Notes on MEDET:

The word “medet” means help, assistance, but more in the sense of rescue or succour.

Seni medet bildim ben: “ben” means “me”, but the I is already in the verb “bildim” (from bilmek – literally means to know, bildim I have known). I have added “always” to keep the emphasis but that could be altered. “Me, I have known you as rescue” would be a rough literal translation).

“gibi” means “like”, and I had to move it: Like the stain of wine on the napkin, I scattered. On the napkin could also move to the next line, to stand with scattered. Same goes for the next one.

She purposefully uses the same word “dağılmışım” – scattered. But in Turkish, the tense using mış is indefinite past (a “heard tense”), so literally it means: “it seems I scattered”. You can use extra words in English to capture that meaning without having to use the verb “seem”.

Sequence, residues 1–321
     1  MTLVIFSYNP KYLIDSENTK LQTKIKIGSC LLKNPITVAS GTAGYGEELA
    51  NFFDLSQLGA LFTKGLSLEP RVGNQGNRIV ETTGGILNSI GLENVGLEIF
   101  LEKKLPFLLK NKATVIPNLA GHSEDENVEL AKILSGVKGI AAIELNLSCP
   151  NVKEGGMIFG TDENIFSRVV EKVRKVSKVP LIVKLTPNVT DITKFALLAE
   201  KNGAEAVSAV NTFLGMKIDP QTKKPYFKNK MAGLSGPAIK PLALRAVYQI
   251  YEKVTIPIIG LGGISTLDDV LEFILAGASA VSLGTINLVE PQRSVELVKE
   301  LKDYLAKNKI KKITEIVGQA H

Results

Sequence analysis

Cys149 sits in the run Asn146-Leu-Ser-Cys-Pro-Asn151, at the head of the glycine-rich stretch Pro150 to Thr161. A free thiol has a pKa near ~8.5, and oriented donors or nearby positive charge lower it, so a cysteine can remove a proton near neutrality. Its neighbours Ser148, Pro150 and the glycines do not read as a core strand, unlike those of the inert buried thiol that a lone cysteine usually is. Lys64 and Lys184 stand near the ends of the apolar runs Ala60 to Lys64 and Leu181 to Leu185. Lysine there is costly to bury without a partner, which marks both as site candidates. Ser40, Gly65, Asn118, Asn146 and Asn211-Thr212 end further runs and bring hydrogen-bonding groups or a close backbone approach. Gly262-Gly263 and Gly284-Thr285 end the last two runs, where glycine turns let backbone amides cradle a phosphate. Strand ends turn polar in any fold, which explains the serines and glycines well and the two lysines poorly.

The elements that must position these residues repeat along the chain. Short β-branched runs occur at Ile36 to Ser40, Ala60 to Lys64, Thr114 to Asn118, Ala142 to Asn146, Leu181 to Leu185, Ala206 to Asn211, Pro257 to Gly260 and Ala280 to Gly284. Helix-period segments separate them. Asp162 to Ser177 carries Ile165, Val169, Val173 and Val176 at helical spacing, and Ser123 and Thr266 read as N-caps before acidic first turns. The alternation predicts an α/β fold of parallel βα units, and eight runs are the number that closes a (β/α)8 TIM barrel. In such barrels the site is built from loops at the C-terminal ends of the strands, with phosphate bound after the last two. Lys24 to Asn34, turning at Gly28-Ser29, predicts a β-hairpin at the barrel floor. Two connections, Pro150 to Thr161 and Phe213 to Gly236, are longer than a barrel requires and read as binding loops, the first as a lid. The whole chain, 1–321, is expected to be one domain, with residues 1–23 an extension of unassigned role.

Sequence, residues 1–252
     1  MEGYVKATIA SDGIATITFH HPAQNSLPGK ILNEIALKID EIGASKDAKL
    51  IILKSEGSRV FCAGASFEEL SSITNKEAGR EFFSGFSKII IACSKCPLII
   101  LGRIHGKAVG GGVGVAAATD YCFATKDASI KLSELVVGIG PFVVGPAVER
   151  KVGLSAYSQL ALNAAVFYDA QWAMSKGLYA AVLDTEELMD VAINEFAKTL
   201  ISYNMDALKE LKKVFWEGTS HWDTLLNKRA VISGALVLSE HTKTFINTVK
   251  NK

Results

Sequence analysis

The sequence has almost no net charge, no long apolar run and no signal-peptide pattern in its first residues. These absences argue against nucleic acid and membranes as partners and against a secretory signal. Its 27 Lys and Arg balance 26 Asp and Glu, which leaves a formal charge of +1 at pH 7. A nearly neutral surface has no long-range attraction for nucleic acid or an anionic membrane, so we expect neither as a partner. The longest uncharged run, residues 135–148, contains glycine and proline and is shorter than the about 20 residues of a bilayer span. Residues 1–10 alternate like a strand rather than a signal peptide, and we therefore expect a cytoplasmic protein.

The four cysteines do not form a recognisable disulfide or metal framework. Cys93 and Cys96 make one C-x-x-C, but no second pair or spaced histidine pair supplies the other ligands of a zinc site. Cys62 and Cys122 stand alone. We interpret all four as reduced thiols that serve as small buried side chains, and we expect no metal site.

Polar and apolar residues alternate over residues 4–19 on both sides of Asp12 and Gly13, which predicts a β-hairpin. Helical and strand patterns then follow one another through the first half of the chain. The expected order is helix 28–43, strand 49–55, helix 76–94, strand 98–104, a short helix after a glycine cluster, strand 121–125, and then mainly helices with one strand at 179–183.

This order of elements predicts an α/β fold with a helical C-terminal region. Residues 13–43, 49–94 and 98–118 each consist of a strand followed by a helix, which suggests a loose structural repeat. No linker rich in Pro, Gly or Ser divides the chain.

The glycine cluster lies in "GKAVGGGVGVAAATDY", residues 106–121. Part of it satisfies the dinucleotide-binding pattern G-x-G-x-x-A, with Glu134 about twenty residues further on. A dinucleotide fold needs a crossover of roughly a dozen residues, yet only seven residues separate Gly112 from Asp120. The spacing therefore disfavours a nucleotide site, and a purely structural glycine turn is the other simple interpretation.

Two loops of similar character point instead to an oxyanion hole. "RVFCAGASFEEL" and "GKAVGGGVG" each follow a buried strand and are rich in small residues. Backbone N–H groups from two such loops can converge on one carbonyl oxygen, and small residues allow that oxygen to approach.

There are three rhymes: ıslak (wet), parlak (bright), ağlak (tearful).

Sahaf means second-hand bookshop but since this is very redundant for this poem and its rhythm, you could use antique or drift shop.

Düşmek literally translates as “to fall”, but in this sentence, it does translate as “end up”. However, “düşmek” carries the feeling that the photographs are “falling”, like leaves.

Unlike the first verse “Seni medet bildim ben”, the last one is “Medet bildim ben seni”: the meaning is the same but the word order has changed:

I always took you as succour

As succour I always took you